"This is a situation we want to nip in the bud," Liu said at a news conference in his office Friday announcing the meeting, to be held at PS 20 on Feb. 15 at 7 p.m. The school abuts the site of the violence: John Bowne playground, located on Union Street between Barclay and Sandford avenues, just blocks from the building that houses both JHS 189 and the Flushing International High School."Students are coming back to school to let us know they're having fights or they're being mugged or situations like that," said Cindy Diaz-Burgos, the principal of JHS 189. Diaz-Burgos and principals from the other two schools joined Liu and police from the 109th Precinct at the news briefing.Police declined to discuss specific cases, but officials said many of the incidents involve students robbing other students of cell phones or iPods after school in the park or the surrounding area. Because the playground is just blocks from the end of the No. 7 line and the Flushing Long Island Rail Road station, police and principals said the large number of students passing through the area in the afternoon contributes to the problem."Being at the center of a transportation hub, we have quite a bit of movement of people," said Frank Welfer, the principal of PS 20.Police said it is important for students to report incidents as soon as they happen rather than waiting until they get home or the next day."We need greater responses from children there," said Capt. Johnny Ramirez, the new second-in-command at the 109th. "We do have posts out there, we can respond immediately," he said. "They should look to us for help, they shouldn't run from us."Police said people can register their cell phones, iPods and other electronics with the 109th Precinct, so that if they are found on another person, that person can be charged with criminal possession of stolen property.Ramirez said the precinct has received about 20 new foot patrol officers who will be focused in the vicinity of the after-school violence.Lt. John Schneider said the incidents are up over this time last year, probably because more people were outside during the mild weather in January."It's basically a problem of what's called kid-on-kid violence," Liu said, pointing out that in most cases older kids confronted younger children. The officials said the town hall meeting would be an opportunity for parents to share their concerns and information with the police.Reach reporter John Tozzi by e-mail at news@times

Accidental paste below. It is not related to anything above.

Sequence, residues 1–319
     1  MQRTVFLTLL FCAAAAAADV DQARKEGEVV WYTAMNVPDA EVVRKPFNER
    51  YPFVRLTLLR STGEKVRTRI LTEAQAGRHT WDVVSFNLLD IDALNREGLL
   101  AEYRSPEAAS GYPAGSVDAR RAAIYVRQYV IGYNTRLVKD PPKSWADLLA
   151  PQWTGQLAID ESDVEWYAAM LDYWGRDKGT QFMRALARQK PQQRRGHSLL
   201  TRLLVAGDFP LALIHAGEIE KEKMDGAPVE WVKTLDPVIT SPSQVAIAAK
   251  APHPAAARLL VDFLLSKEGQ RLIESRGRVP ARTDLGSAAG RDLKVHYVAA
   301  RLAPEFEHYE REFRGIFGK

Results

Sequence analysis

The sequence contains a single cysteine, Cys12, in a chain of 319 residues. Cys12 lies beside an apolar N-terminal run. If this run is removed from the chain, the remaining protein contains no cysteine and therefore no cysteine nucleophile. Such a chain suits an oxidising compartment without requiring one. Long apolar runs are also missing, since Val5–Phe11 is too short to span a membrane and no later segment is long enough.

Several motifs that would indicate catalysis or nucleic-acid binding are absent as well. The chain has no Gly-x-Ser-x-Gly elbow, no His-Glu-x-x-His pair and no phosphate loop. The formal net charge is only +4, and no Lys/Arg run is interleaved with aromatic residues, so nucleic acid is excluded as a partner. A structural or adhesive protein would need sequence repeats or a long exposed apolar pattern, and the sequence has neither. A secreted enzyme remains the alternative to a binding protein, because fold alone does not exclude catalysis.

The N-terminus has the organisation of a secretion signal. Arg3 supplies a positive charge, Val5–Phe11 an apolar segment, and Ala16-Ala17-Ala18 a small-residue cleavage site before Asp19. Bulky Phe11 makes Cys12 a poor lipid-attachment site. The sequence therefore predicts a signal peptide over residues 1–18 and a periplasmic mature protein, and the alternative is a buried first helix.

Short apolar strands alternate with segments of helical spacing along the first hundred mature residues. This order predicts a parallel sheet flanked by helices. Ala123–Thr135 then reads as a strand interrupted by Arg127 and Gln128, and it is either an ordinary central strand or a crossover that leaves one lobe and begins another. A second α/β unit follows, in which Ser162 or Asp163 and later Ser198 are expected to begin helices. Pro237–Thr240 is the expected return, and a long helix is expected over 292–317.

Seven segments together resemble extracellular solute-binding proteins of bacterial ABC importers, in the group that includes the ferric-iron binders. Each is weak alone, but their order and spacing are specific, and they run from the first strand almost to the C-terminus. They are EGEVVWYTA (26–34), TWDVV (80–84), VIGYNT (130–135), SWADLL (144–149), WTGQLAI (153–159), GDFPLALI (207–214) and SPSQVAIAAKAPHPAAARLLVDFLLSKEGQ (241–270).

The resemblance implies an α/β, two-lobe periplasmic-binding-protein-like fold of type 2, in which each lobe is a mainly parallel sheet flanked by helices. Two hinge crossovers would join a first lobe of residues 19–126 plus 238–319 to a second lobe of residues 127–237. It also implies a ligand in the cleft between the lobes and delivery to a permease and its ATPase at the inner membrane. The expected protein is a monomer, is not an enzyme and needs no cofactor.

©2006 Community News Group
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